Immediate trend line support for XLF is at 15.65. The 50-day SMA is at 15.68. Immediate resistance is at 16.05. Aside from a break of the minor red trend line support, the recent decline hasn’t done any technical damage to the financial sector.

Consumer Discretionary

The Health Care (XLV) and Energy Select Sector SPDR (XLE) are slightly bigger than the Consumer Discretionary SPDR (XLY), but XLY outperformed XLV and XLE.

XLY is just barely holding on to its position above the trend line from the October 2011 low (at 45.60), but the 200-day SMA is not until 44.27. Support based on prior supply/demand inflection points is around 45.

Simon Maierhofer shares his market analysis and points out high probability, low risk buy/sell recommendations via the Profit Radar Report. Click here for a free trial to Simon’s Profit Radar Report.

Disappointing Earnings May Be An Opportunity for ETF Investors, But …

The earnings season is in full swing. Most heavy hitters are slated to report earnings this week or next. Rather than overanalyzing the effect of one or two companies, this article looks at the opportunity and risk presented by the long-term earnings picture.

Even before this year’s earnings ritual started, a number of companies spoiled the third quarter earnings season. Intel, Caterpillar, FedEx and many others warned that estimates were too high.

Bloomberg reported that earnings pessimism among U.S. chief execs is the highest since the 2008 meltdown and the Wall Street Journal warns of an “earnings pothole.”

The S&P 500 has rallied as much as 37% since the October 2011 low and the stock rally has become extended. Could a bad earnings season push stocks off the edge?

De-focus On Earnings

Earnings are just one of many forces that drive stocks, in fact I consider them secondary and to some extent a contrarian indicator. Record high Q1 2010, Q1 2011, and Q1 2012 earnings were followed by dismal short-term stock performance so disappointing Q3 2012 earnings don’t automatically translate into falling stock prices.

Seasonality is favorable for most of the remaining year and key technical support for the S&P 500, Dow Jones and even the Nasdaq-100 is holding up. Let’s take a closer look at the S&P 500’s technical picture.

Since June the S&P has been climbing higher within the black parallel trend channel. The S&P’s rally stopped at 1,474.51 on September 14, which was exactly when the upper parallel channel line converged with a decade old resistance line.

Ironically that was just one day after Bernanke promised unlimited QE3. They say don’t fight the Fed, but in this instance the Fed lost to technical resistance. The decline from the September 14 high helped digest overly optimistic sentiment and put the trading odds in favor of going long.

The October 7, Profit Radar Report cautioned of lower prices, but viewed any decline as an opportunity to go long: “A digestive period that draws the S&P to 1,450 and perhaps towards 1,420 seems likely. The highest probability trade is a buy signal triggered by a move below the lower black channel line (around 1,420), followed by a move back above.”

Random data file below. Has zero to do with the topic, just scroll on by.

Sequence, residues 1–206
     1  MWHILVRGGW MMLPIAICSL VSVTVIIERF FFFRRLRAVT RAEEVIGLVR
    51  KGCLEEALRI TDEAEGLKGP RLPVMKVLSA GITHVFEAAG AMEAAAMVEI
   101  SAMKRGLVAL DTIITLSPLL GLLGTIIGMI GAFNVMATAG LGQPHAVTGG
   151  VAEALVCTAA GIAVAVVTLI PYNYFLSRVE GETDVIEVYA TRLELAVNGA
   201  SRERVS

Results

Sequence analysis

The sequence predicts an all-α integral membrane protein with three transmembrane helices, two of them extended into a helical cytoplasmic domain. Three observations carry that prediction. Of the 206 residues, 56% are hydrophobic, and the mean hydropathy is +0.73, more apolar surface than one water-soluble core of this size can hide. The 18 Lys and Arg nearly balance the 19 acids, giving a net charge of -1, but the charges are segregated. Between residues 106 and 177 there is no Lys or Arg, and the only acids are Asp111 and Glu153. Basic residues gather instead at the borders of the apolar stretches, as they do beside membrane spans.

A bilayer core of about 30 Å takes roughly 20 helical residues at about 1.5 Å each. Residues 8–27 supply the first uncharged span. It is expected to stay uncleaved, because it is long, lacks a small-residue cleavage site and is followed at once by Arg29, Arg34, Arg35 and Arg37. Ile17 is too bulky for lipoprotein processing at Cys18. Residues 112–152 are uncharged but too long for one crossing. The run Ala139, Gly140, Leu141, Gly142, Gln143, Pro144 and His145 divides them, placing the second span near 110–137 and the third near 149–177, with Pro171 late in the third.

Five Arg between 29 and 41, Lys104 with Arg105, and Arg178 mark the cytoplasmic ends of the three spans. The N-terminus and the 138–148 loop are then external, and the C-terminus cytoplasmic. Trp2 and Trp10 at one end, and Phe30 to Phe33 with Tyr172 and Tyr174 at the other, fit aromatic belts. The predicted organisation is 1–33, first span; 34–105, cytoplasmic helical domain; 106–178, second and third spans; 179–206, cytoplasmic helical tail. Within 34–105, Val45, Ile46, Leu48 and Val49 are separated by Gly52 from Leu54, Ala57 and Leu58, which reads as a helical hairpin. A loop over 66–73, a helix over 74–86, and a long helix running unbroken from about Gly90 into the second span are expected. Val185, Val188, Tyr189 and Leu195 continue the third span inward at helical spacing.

Using trend lines to identify buying or selling opportunities worked like a charm in 2010 and 2011 (trend line breaks were a major contributor to short recommendations in April 2010 and May 2011), but starting in 2012 the S&P delivered a number a fake trend line breaks.

That’s why the above recommendation was to wait for a break below trend line support followed by a move back above before buying. The strategy worked. From here we simply elevate the stop-loss to guarantee a winning trade. We will go short only if the next important support is broken.

Long-term Earnings Message

Even as the economy continues to deteriorate, corporate earnings have slowly crept to new all-time highs. That’s right, all-time record highs.

The chart below plots operating earnings for S&P 500 companies (as reported by Standard & Poor’s) against the S&P 500 Index. Corporate earnings are the epitome of a mean reverting indicator and as predictable as a boomerang.

Every time corporate earnings get too high they reverse and the boomerang hits stocks. Nobody knows how high is too high. Right now, too many are expecting the boomerang to hit so it may take a bit longer, but we’re getting there.

Summary

Over the short-term (possibly into Q1 or Q2 2013) stocks may continue to rally (despite disappointing Q3 2012 earnings), but the long-term implications of record high earnings are deeply bearish for stocks.

The short-term opportunity for investors is to buy the SPDR S&P 500 ETF (SPY) on pullbacks (as long as they remain above key support). I don’t have a specific up side price target, but we’ll take profits when we see bearish technical divergences.

Concurrently we’ll be watching for a market top. Unfortunately, market tops aren’t a one-time event, it’s a process. Like knocking over a Coke machine, you have to rock it back and forth a few times before it falls over.

We’ll be looking at ETFs like the Short S&P 500 ProShares (SH) and UltraShort S&P 500 ProShares (SDS) once we see bearish divergences confirmed by sentiment and seasonality.

The Profit Radar Report will identify low-risk and high probability buying opportunities when they present themselves.